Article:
TaxProf Blog

Editor: Paul L. Caron, Dean
Pepperdine University School of Law

Tuesday, December 11, 2012

Tax Prof's Advice to President Obama: Take Us Over the Cliff

Hartford Courant op-ed:  Taking Fiscal Cliff Best Route To Recovery, by Jeffrey A. Cooper (Quinnipiac):

As the nation hurtles toward 2013's "fiscal cliff" — a combination of tax increases and spending cuts designed to tackle the nation's ballooning deficit — pundits from across the political spectrum are inciting full-scale panic.

They warn about the tax increases the fiscal cliff could bring while destroying a fragile economy and ravaging a citizenry facing difficult economic times. They call upon the president and congressional Republicans to do whatever is necessary to reach a compromise to avert this coming tax disaster.

My advice to President Barack Obama is different. He should let us go over the precipice.

I have no desire to cause a fiscal calamity, but I do believe that the current tax policy in Washington is so politicized and the rhetoric so detached from reality that no productive compromise can emerge. We need a fresh start before we can reach any meaningful consensus on future tax policy. The path to this fresh start lies just beyond the fiscal cliff.

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At least going over the cliff will broaden the tax base rather than simply put the burden completely on a small group. There is no excuse, other than politics, for so many people to pay no income taxes to fund government operations, despite having income.

Posted by: Woody | Dec 11, 2012 11:54:22 AM

The generosity of earned income credit comes of course from overgenerosity at the top. Congress looks at distribution tables when it gives out benefits, and when it wants to give a tax break to campaign financing high income taxpayers, the tables and sense of fairness means giving to the bottom. I hope you are offering to give back all the tax breaks at the top that lead to the earned income bracket.

Posted by: Calvin H Johnson | Dec 11, 2012 2:40:14 PM

As long as we don't care about short-term consequences, we might as well get an even fresher start by defaulting on all federal debt. That means balancing the budget immediately but without any spending on interest.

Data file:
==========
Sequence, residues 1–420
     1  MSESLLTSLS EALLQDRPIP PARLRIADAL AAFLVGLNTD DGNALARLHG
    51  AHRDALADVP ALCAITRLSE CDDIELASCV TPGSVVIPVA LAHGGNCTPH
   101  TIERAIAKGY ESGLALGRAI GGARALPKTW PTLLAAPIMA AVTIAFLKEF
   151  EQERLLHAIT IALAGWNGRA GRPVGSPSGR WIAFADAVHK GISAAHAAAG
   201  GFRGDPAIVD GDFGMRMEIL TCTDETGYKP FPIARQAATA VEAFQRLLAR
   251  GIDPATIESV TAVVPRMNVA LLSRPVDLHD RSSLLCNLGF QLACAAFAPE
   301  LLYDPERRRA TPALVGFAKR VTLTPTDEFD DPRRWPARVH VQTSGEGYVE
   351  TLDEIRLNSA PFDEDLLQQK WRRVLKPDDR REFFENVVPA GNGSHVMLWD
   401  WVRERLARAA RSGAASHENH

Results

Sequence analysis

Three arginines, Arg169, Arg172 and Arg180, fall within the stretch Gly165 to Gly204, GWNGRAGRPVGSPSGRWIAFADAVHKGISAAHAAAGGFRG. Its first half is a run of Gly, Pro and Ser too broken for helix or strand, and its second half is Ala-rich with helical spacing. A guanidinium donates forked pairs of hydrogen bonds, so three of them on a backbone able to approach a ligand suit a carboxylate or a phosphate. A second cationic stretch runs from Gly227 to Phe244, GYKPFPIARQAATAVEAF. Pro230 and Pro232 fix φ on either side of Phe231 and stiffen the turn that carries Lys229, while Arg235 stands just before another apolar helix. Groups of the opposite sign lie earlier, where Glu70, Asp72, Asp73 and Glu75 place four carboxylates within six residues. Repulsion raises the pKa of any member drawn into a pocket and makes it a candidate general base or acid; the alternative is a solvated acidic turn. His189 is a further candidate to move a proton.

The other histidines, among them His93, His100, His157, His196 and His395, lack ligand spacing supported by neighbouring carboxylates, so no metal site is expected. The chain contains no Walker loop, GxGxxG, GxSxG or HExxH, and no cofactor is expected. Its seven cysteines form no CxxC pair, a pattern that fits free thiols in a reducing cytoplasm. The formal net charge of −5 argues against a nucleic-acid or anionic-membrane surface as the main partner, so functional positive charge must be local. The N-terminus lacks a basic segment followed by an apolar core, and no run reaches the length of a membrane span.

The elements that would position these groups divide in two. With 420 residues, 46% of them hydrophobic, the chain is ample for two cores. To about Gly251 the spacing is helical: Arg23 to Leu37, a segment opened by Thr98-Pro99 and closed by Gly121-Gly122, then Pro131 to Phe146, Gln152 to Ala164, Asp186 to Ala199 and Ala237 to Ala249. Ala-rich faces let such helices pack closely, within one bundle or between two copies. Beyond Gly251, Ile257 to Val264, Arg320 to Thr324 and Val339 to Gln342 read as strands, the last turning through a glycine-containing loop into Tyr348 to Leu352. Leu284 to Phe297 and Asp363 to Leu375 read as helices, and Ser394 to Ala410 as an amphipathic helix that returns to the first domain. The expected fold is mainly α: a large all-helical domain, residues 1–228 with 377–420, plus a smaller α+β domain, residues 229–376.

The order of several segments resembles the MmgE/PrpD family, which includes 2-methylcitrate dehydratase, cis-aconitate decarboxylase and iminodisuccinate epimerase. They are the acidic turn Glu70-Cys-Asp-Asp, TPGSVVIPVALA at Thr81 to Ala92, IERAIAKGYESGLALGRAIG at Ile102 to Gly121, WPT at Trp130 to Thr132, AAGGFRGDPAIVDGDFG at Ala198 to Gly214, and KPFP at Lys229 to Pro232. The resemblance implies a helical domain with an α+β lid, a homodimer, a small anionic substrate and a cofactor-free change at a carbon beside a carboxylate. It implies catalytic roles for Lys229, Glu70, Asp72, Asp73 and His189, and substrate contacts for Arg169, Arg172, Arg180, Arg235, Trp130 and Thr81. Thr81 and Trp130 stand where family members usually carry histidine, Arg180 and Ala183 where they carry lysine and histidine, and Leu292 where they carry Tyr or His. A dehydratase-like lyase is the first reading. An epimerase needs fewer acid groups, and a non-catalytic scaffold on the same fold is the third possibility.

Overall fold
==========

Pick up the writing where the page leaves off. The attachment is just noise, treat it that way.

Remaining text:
Everybody knows this is where the debt bubble will end, so why not go there now? The price is only going up the longer we wait.

Posted by: AMTbuff | Dec 11, 2012 3:16:57 PM

I propose that the FICA maximum be raised to $1 million. As Woody so often points out, FICA taxes aren't real taxes. Therefore there is no burden on anyone to make the change.

Posted by: jimharper | Dec 11, 2012 6:10:54 PM

We are going over the cliff .....there is not going to be an agreement...count on it.

Posted by: Sid | Dec 11, 2012 6:10:57 PM

Concur with Woody. In the 1970s I was a humble Schedule C filer, barely feeding myself as a carpenter, but I paid income tax (not just the self-employment FICA tax) every year. The exercise, however frustrating, at least gave me an excuse to tout my US citizenship with some pride. Heaven only knows what excuse the 47% invoke nowadays.

Posted by: Jake | Dec 11, 2012 6:32:38 PM

I guess everyone has the right to legally minimize their tax burden except the poor.

Posted by: G.E. Moore | Dec 12, 2012 7:12:19 AM

Jim, FICA taxes are real money that benefit the individuals paying in and are not to be confused with real income taxes to fund the government. Taxpayers should not be expected to pay in any more on Social Security than they can reasonably expect in return.

Posted by: Woody | Dec 12, 2012 9:31:06 AM

Calvin, I'm screwed. I'm neither at the top nor the bottom to get tax breaks.

Posted by: Woody | Dec 12, 2012 10:52:17 AM